1 Sitio(s) de ejecución
Halyna I., born in 1932: "We couldn't get close to the grave, we weren’t allowed. We watched them being shot from a distance. A lot of Jews were killed there, even those three girls that cried out so wholeheartedly that they wanted to live. The Germans shot them with a small weapon. They killed the first, the second and the third girl. And there was one German who just couldn’t bring himself do it. His superior was telling him to shoot. He was crying. Then his supervisor hit him in the face. Some bodies were already in the grave, but we did not see them being shot. Sometimes there would be more than two or three people executed. The Germans would shoot as many as they could." (Witness n°2951U, interviewed in Tunyky on September 1, 2021)
Bohuslav is a town located in the Kyiv region, in the center of Ukraine, about 100 km (62mi) south of the capital. The city was founded in the early 11th century. The first traces of a local Jewish community date back to the end of the 16th century. In its early period, the community was the target of many pogroms, in 1648, 1702 and 1768. Nevertheless, this did not stop it from growing, and by 1784, it had grown to 622 individuals. In the middle of the 17th century, a synagogue and a Jewish cemetery were built. In 1793, the region became part of the Russian Empire, and the community expanded further, reaching 1,288 people in 1797. In the 19th century, the Jewish community had a main synagogue, 15 secondary prayer houses, two cemeteries, a cloth factory, a distillery, and a printing press. Local Jews were merchants or artisans, such as shoemakers, weavers, tailors, furriers, and carpenters. At the end of the 20th century, 80% of the houses in the center of the city were owned by Jews. In 1897, there were 7,745 Jews, or 65% of the total population. At the beginning of the 20th century, the community was in full economic and cultural expansion. It had three colleges for men, three colleges for women, two elementary schools, a hospital, an orphanage, and a structure to help the poor. Many Jews were employed in the textile industry and in other types of factories in the area. By 1910, they numbered 14,236, or 72% of the total population. Between 1918 and 1920, during the Russian Civil War, the local Jewish community was the victim of pogroms resulting in the deaths of over 50 Jews, with many more being injured. Hundreds of Jewish buildings, including synagogues, houses, stores and warehouses were burned down. In January 1920, a Jewish self-defense militia with circa. 1,000 members was set up. At the same time, the city received nearly 15,000 Jewish refugees from the surrounding areas fleeing the violence. The violence increased the popularity of the Zionist movement in the region. By 1926, the local Jewish population had decreased to 6,432, or 53% of the total population. In 1939, only 2,230 Jews lived in Bohuslav. This considerable decline in the Jewish population was mainly due to the migration of Jews to other regions.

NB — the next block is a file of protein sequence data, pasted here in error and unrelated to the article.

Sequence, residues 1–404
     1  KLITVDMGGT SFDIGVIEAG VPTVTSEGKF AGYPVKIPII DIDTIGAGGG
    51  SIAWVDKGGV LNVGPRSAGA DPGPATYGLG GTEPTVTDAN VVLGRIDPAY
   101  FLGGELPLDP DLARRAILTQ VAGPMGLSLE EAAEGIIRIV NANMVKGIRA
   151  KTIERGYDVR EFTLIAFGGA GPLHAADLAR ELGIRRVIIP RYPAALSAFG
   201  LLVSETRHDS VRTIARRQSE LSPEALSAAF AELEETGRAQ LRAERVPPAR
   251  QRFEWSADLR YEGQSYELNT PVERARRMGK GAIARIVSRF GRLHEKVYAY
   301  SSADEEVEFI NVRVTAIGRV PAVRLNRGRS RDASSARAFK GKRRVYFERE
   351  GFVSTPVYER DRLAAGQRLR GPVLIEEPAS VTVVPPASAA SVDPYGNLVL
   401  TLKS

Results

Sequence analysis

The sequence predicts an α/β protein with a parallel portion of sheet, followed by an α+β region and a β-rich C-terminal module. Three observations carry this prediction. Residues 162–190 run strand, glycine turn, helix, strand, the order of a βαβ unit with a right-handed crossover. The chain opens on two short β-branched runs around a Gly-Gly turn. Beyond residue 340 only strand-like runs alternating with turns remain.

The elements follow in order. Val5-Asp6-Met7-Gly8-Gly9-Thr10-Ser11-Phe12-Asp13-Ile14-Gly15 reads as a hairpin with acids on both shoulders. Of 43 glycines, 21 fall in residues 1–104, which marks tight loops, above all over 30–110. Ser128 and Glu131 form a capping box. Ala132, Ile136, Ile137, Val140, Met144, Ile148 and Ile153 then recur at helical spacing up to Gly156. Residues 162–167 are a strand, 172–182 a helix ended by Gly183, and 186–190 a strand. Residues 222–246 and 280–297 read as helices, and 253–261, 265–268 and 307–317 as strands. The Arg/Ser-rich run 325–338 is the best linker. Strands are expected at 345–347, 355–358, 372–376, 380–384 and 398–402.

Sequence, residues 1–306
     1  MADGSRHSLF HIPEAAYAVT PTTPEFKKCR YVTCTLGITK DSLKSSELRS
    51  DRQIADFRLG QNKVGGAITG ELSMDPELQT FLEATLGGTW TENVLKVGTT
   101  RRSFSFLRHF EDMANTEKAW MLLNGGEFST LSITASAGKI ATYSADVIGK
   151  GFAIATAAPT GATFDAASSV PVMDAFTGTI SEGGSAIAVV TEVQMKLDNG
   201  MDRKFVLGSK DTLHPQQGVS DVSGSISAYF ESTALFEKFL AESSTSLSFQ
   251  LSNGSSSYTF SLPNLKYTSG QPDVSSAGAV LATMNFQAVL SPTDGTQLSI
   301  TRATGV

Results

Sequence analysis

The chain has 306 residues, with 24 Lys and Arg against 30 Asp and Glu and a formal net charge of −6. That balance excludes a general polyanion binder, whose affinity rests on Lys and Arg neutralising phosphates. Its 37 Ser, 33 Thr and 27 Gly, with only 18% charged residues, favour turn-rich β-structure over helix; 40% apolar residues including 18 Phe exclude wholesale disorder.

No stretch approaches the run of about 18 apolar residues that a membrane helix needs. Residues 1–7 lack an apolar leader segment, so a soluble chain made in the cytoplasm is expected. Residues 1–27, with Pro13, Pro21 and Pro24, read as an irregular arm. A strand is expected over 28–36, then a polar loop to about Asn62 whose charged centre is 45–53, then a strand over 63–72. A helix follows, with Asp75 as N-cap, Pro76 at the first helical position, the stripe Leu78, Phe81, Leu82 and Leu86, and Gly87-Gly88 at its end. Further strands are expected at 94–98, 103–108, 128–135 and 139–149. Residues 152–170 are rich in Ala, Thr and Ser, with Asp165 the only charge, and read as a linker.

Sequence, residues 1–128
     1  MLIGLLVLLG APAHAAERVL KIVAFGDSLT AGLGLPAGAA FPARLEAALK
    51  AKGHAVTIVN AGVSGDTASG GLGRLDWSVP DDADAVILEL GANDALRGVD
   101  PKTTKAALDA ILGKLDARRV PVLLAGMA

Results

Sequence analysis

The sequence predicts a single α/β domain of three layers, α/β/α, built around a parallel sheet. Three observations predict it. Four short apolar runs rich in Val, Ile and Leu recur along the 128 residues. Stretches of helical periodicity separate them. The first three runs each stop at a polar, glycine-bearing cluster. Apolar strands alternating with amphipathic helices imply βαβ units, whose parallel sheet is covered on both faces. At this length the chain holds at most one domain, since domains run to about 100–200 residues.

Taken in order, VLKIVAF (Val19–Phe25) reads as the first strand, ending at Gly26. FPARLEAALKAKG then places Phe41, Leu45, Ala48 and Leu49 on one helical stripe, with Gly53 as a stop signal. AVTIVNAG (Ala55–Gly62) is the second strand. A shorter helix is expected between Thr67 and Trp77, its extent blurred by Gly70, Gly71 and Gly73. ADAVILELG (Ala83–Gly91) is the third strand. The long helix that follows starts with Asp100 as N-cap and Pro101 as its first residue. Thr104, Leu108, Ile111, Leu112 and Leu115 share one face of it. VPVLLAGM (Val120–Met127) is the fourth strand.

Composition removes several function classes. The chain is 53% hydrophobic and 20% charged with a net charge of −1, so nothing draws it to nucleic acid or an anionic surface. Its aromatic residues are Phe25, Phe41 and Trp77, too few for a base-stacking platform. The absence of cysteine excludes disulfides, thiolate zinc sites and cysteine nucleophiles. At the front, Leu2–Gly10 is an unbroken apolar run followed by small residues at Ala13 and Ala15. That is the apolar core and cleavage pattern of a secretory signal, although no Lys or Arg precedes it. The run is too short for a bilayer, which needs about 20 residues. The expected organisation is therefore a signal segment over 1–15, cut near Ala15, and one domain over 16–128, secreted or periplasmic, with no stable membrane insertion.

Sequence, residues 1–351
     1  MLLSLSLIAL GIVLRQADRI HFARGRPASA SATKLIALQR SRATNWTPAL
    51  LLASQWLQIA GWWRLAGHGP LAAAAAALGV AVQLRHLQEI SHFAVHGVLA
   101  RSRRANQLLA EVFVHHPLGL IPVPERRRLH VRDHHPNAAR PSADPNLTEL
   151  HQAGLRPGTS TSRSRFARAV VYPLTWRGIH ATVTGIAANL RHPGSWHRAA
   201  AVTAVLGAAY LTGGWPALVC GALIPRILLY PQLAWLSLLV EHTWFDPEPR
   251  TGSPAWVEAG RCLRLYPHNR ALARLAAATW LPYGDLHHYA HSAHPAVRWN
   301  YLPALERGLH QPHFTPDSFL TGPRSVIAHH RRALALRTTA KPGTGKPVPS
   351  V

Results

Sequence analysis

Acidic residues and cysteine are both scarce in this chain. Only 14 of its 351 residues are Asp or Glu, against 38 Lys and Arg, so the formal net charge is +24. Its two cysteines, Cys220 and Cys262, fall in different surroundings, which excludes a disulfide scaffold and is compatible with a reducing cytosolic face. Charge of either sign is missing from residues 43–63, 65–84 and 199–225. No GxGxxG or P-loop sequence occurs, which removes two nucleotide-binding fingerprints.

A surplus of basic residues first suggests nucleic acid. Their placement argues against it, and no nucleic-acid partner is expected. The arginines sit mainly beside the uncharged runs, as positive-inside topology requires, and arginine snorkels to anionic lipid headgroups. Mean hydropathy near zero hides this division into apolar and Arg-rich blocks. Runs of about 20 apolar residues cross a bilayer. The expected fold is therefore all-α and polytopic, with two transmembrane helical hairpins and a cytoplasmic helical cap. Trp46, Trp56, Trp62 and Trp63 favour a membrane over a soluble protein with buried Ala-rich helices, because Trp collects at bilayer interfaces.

On June 22, 1941, the German army and their allies began their invasion of the USSR. Many Jews fled to the east, while those eligible for military service were drafted into or volunteered for the Red Army. Bohuslav was occupied on July 26. Only 15% of the local Jewish population remained. The first two days of the occupation were marked by a pogrom during which several dozen Jews were killed. During the summer and autumn of 1941, the city was ruled by the German military administration, which set up a municipal council and an auxiliary police force recruited from among the inhabitants. It also ordered the creation of a Jewish council (Judenrat), the registration of all local Jews, the mandatory wearing of a distinctive armband, and participation in forced labor. In August 1941, 45 people accused of being Soviet militants, including some Jews, were arrested and shot. On August 15 and 20, the authorities ordered that all Jews be relocated to a district of the city on Provalnaya Street. This open ghetto was liquidated one month later, on September 15, when a detachment of the Einsatzkommando 5 shot 322 Jews in a field bordering the city. The local commander reported to Berlin that there were no Jews left in Bohuslav. During the next few days of the occupation, the Germans caught and executed those Jews who had tried to hide and survive. At the same time, a few Jewish skilled workers were kept alive and executed in July 1943. After the war the bodies of the victims were exhumed, identified, and reburied in the Jewish cemetery.
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